Going to the Chinese mainland can be dangerous. First-time visitors are often surprised at their freedom, and seasoned travelers may feel comfortable, but foreigners in China do get detained by police for many reasons. When commercial dealings sour. business people of Chinese descent, including those from Taiwan and Hong Kong, are especially at risk.
Posts Tagged ‘ criminal procedure ’
Last week, within twenty-four hours, China’s National People’s Congress enacted a revised Criminal Procedure Law and its Communist Party ousted a rising political star. Superficially, the two Beijing events seemed unconnected. Yet they are linked.
On Thursday, March 8, 2012, the revised draft of the criminal procedure law was formally introduced to the national legislature in China, including stricter revisions that restrict the police’s power to secretly detain people–at least on paper. Professor Cohen’s commentary is available here.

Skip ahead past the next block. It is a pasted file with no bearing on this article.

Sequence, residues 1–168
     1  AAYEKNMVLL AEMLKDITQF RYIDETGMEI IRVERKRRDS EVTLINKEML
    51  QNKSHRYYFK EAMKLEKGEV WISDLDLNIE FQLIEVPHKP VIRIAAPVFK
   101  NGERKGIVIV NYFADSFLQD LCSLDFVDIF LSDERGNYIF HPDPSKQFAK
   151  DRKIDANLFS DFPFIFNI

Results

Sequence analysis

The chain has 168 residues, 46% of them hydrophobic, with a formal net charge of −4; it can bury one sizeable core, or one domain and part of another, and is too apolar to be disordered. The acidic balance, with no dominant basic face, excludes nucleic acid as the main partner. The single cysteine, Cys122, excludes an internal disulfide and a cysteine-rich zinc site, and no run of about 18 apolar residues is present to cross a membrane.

Normally, ‘dog bites man’ is not news, but in the generally bleak climate for reform that pervades China’s criminal justice system, a story of “judge upholds law” has gained some traction in the Chinese media.
Two weeks ago, a draft of the amendment to Criminal Procedure Law was posted on the website of the National People’s Congress to solicit public comments. This is the first time that the legislature has invited the general public to comment on a proposed amendment to such a major criminal procedure legislation. On Sept. 13 and Sept. 19, 2011, Professor Guo gave two presentations at NYU with comments on the draft, discussing both positive developments and potential problems in the amendment.